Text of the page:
Democrat Jon Tester wins re-election in Montana Senate race
Democratic Sen. Jon Tester will win a third term in the Senate, CNN projects, outlasting millions of outside spending and an intense focus on the race from President Donald Trump.
Tester was widely seen early in the cycle as a vulnerable Democrat due to the fact Trump won the state by 20 points just two years ago. But Tester’s unique brand as a farmer from Big Sandy and personal connection to the state provided a contrast to Republican Matt Rosendale, whose ties to the state were constantly in question.
Tester, like other Democrats running in red states, routinely pledged throughout the campaign to work with Trump when needed, even running TV ads touting his work with Trump.
“Washington is a mess but that is not stopping me from getting bills signed into law by President Trump,” Tester said in his first campaign ad.
That relationship with Trump frayed, though, after Tester led the charge against Ronny L. Jackson, the former White House physician who Trump picked to lead the Department of Veterans Affairs. Tester, the top Democrat on the Senate committee that oversaw Jackson’s confirmation, accused Jackson of handing out prescriptions “like candy” on foreign trips, accusations that eventually sunk his nomination.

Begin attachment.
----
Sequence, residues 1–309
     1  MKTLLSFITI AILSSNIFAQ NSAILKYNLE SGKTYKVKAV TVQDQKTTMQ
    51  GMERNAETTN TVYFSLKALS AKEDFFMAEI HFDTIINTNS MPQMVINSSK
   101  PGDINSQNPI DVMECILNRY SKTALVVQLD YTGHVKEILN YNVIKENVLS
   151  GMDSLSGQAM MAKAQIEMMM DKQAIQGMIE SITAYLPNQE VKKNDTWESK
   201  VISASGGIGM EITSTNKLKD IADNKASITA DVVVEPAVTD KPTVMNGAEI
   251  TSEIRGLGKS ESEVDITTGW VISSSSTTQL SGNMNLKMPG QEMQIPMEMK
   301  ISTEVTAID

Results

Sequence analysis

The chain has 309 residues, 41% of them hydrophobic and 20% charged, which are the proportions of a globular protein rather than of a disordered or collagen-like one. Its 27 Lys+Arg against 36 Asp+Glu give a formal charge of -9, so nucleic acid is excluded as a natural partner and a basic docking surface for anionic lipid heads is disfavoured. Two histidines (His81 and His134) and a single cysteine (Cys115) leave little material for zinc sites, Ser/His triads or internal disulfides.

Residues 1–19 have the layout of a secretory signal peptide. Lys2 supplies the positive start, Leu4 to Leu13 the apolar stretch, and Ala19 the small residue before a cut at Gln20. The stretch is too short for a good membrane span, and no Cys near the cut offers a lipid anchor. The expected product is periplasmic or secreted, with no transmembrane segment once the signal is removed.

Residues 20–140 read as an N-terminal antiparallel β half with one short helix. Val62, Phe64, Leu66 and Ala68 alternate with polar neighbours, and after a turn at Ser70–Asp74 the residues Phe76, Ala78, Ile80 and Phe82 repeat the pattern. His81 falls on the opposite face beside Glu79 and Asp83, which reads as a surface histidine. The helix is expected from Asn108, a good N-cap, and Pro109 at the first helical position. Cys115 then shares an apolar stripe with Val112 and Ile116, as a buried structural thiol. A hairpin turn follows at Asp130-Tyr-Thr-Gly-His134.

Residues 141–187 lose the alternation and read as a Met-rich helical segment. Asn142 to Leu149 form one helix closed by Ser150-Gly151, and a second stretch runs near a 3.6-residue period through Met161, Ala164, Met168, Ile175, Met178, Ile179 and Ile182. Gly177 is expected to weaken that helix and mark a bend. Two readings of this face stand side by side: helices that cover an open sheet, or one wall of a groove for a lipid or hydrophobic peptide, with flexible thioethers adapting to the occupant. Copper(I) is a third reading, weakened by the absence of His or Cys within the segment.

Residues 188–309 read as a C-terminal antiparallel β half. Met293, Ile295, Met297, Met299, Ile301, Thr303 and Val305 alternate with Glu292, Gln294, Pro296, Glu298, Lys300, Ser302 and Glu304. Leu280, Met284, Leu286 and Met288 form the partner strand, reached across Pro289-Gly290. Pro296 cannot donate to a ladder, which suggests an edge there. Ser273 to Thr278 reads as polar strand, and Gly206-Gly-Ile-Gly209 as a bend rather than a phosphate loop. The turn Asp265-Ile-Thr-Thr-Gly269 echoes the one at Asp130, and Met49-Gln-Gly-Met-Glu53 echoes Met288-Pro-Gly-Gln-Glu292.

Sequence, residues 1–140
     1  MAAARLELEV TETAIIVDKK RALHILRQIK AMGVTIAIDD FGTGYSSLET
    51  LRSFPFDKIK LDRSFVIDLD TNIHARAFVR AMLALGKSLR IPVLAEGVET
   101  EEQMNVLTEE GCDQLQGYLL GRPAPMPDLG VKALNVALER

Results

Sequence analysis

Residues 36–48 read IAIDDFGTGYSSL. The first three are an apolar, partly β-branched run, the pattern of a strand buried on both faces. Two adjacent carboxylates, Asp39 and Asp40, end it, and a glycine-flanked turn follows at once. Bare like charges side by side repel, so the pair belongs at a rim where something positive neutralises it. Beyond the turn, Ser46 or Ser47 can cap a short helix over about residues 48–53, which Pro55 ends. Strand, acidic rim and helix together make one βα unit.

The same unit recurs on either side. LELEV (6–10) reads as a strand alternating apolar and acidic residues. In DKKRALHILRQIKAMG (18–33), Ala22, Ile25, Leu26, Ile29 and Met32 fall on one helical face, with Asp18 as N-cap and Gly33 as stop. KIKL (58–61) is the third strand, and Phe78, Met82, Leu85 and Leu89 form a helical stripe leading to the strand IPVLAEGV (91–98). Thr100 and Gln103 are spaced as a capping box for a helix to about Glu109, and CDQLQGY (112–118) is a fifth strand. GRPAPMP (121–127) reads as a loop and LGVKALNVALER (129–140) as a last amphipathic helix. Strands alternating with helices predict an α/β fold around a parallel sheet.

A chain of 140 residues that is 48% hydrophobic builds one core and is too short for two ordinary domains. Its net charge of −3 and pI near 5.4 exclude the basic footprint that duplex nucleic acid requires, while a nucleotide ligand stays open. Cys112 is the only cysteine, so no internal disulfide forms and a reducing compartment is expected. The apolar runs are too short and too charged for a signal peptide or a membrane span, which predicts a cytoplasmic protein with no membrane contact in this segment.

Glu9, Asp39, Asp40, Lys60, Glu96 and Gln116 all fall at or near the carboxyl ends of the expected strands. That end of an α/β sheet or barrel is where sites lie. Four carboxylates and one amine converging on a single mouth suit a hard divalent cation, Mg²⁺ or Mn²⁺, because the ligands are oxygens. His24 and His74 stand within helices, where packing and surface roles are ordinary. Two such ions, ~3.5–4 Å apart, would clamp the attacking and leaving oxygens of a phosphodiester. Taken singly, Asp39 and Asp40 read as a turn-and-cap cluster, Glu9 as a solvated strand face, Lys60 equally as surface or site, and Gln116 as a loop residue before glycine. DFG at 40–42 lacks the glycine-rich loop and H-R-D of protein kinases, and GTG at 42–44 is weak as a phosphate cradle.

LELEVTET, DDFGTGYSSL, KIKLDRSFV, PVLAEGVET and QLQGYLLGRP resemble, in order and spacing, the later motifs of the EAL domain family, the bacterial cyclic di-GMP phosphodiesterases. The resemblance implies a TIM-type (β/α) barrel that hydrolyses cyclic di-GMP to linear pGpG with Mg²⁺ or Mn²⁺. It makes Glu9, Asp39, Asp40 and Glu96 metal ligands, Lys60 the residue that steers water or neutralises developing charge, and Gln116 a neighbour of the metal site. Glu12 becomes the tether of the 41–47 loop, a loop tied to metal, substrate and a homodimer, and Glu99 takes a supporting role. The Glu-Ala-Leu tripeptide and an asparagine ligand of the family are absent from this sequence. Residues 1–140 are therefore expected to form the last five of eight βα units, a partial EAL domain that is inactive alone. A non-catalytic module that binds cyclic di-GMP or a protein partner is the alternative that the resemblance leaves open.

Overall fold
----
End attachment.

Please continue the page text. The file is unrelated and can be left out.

The process irked Trump, and the President traveled to the state four times this campaign season to rally against Tester and tout Rosendale. During the events, Trump particularly hammered the Democrats’ handling of the Jackson confirmation.
“I can never forget what Jon Tester did to a man that’s of the highest quality,” Trump said in October. “What (Tester) did was unfair, what he did was vicious, what he did was … almost, almost, if this is believable, worse.”
Tester attacked Rosendale as an out-of-state developer by highlighting his ties to Maryland. Those attacks were helped by Rosendale’s competitive and negative primary, which provided the Tester campaign with plenty to use against the Republican. Tester closed the campaign by attacking Rosendale as “all hat, not cattle.”